Gallbladder Removal (Cholecystectomy)

Cholecystectomy is the operation for removal of the gall bladder. Traditionally
the surgery was carried out through an incision in the right side of the upper
abdomen. More recently the surgery is done through a laparoscope employing
3 or 4 small incisions.

SILSTM: Surgery with the potential of no visible scars.
From multiple incisions to one. Offering patients the newest advancement
in surgery, the SILSTM procedure replaces the three to four incisions required
by standard laparoscopic and robotic assisted surgeries with just one incision
in the belly button. The benefits to patients include the potential elimination
of visible scars and the pain associated with multiple points of entry.

The gallbladder is a small pear shaped organ located beneath the liver in the
right side of the upper abdomen. The cystic duct carries bile from the gallbladder
and joins the common hepatic duct to form the common bile duct. The common
bile duct then empties into the beginning of the small intestine. The main purpose
of the gallbladder is to concentrate and store bile. It releases bile by ejecting it
through the common bile duct into the small intestine when fatty foods are eaten.
The bile aids in the digestion of fatty foods. However, one can live without the
gallbladder without suffering symptoms. Stones may form in the gall bladder,
which block the flow of bile resulting in pain in the right upper abdomen. Gallstones
can lodge in the terminal part of the common bile duct that opens into the small
intestine. Here the stones can also block the flow of pancreatic juice from the
pancreatic duct that joins the common bile duct. This may result in a severe
inflammation of the pancreas called pancreatitis. The exact cause of gall bladder
disease is unknown. Some studies suggest that gallstones may be related to how
the body handles cholesterol and bile acids that are synthesized in the liver and
stored in the gall bladder. While some people may have no symptoms even in the
presence of gallstones, others may have gallbladder problems even in the absence
of stones.

Those individuals most likely to have gallbladder attacks are:
• Women, especially in their 40s.
• Women who have been pregnant . The risk of gallstones may increases with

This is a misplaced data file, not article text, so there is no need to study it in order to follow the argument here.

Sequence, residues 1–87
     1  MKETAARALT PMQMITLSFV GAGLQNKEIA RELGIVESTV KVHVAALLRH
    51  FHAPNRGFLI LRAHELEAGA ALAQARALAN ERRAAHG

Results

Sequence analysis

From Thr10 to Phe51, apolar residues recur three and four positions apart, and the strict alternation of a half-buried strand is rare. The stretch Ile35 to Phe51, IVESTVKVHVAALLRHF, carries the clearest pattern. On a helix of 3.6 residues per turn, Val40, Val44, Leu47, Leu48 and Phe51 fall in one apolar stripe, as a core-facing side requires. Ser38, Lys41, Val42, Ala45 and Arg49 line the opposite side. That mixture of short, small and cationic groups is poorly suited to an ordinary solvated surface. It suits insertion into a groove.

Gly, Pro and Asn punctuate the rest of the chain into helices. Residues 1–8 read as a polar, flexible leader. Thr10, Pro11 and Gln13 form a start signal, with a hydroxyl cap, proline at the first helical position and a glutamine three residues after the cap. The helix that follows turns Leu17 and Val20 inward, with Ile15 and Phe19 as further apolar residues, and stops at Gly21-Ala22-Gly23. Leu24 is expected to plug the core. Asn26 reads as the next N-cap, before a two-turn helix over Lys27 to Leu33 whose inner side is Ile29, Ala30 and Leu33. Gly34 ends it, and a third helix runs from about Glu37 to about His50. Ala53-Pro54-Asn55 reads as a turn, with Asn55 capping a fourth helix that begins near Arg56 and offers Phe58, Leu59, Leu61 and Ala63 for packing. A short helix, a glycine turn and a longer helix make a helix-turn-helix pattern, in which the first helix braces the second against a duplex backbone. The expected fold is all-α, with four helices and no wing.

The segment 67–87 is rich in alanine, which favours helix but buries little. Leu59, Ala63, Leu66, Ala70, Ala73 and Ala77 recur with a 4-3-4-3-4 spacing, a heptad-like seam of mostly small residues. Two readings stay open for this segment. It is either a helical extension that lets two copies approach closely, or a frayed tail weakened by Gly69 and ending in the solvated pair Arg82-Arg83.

each pregnancy.
• Overweight men and women.
• People who eat large quantities of dairy products, animal fats and fried foods.
• Family history of gallbladder disease.
• Gallbladder disease with stones may be associated with bloating, nausea
or vomiting and in severe cases fever and other signs of infection. There may
be intolerance to fatty foods. The symptoms of gallstones may occur after
eating fried or oily foods, or a heavy meal. The symptoms may recur frequently
and may be disabiling.

Commonly patients with gallbladder problems have nausea, vomiting, or
various types of pain due to their gallbladder not functioning properly. In the
majority of patients the problem is the presence of stones within the gallbladder
(cholelithiasis) although in some patients the problem is that the gallbladder
doesn’t contract, (or squeeze) normally. This is termed biliary dyskinesia, and is
another indication for gallbladder removal.

Pre-operative Evaluation
• Blood tests may be taken to detect jaundice or elevation of enzymes that
occur as a result of blockage to the flow of bile.
• Ultrasound of the abdomen. This test employs sound waves to scan the
abdomen for gallstones. The echoes from the sound waves are recorded
and imaged on a screen. The presence, size and position of the gallstones
can be determined as well as gallbladder wall thickness and the size of the
common bile duct.
• HIDA scan. This scan employs a radioactive isotope to evaluate the function
of the gallbladder.

In the vast majority of patients, the gallbladder can be removed laparoscopically
using small incisions, a television camera, and long thin instruments. In some
patients a longer, traditional incision is required.

As with all surgery, laparoscopic and open gallbladder surgeries carry risks
of complication. In addition to the risks associated with anesthesia there are
recognized surgical risks which include bleeding, infection, and injury to organs,
blood vessels, nerves or other structures, including bile ducts.

In the event of a complication, additional surgery and/or a longer stay in the
hospital may be necessary and recommended by your physician.

While death is a risk and can result from gallbladder surgery, it is an extremely
rare event.

Patients should further consult their surgeon if they have questions or would
like additional information.

Length Of Stay
The patient usually has minimal pain that is well controlled with medication.
Frequently, patients are discharged home on the same day as their laparoscopic
cholecystectomy was performed with a prescription for pain medication.
Occasionally a patient may remain overnight. If a traditional open gallbladder
removal is done, the patient may stay three to five days after open surgery.

Patients eat a normal light diet on the day of surgery and may be able to return
to light work in 3-4 days. It is preferable to avoid exertion and heavy work for a
several weeks though one can take regular walks. No driving on prescription
pain medication. After open surgery no driving for two weeks and no lifting over
five pounds for six weeks.